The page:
When I began working with Kay, I scarcely imagined it would entail such an Ideal balance of relaxing, stimulating, and gently instructive studio activity. Located in a charming and historic Carpenter street building (complete with an ancient pulley elevator) Kay's studio is shared with her quippy, dry husband and fellow artist Greg Pizzoli. My first time there, which was on the business of a pre-fellowship visit, began with conversation. Our ability to communicate with comfort and ease was pretty much immediately apparent - we spent our first 6-hour work day together chitchatting non-stop. After showing me how to pillow sew, stuff, and close an original Kay Healy"stuffie" using techniques handed down from her mother (also an artist), we settled into our respective workspaces and exchanged anecdotes from our childhoods, reminisced openly about the sensory details of the homes in which we grew up, and interrogated one another about the star charts of family members. Since then, we have rarely been at a loss for things to talk about.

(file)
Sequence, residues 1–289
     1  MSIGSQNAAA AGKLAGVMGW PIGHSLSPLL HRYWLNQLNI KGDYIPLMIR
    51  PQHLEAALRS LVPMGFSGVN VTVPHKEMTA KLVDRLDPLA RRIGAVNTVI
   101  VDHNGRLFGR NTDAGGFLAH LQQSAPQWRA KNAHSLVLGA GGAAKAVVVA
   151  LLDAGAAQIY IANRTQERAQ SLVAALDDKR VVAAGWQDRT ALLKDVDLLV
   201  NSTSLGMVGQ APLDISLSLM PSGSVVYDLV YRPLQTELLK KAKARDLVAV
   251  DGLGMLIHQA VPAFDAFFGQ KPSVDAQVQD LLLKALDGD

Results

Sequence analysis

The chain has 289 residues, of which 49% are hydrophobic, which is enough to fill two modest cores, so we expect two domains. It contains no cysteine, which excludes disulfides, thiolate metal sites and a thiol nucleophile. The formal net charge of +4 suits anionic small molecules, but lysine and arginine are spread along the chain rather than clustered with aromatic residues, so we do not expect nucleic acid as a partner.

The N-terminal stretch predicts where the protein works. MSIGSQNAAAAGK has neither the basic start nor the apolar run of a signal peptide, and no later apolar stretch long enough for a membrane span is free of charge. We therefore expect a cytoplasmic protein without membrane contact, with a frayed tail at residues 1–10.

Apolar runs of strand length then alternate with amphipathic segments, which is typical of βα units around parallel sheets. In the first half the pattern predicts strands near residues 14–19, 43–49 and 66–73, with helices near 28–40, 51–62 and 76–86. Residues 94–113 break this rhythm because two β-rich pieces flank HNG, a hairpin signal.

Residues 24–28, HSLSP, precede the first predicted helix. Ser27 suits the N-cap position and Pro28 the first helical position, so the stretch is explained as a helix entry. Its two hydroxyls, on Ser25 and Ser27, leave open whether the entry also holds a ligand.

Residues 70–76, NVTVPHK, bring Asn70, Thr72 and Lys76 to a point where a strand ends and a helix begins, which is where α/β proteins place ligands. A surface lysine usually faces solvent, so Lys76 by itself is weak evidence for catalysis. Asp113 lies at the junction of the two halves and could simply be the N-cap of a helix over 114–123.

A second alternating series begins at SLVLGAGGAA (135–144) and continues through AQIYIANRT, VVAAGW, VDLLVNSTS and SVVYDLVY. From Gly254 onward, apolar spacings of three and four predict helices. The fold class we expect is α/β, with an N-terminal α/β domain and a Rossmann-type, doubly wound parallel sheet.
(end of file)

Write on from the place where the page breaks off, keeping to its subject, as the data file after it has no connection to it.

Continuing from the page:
Kay briefly explained her approach to holding down a good chat during our visit yesterday, remarking that it is important to ask questions when trying to come off as a good conversationalist. People love to answer questions about themselves, she says, in so many words. It's true - I was very eager to share when she inquired about my home life, what my parents are like, what kind of child I was, what my "totem animal" is, (and later on) what my feelings are about Wagner. In retrospect I notice that she began our relationship with a sort of informal interview, an interesting thing to consider since the "interview" is such a pivotal part of her artistic process. With that being said, I would argue that her interest in personal historical narratives is more a mark of her investigative temperament than a mere shmoozing tactic. Of the many skills that I have improved during my Summer Fellows experience, the ability to sustain engaging talk is among the most precious. I have always felt safer behind the curtain of the written word, and was admittedly daunted before the start of this fellowship by the idea of spending hours conversing with a total stranger. I was scared stiff that I would bore Kay with my silent anxiety, and appear dull or blank or unintelligent. It was more than a pleasant surprise to be met with a gabber as versed as Kay in the "art of conversation".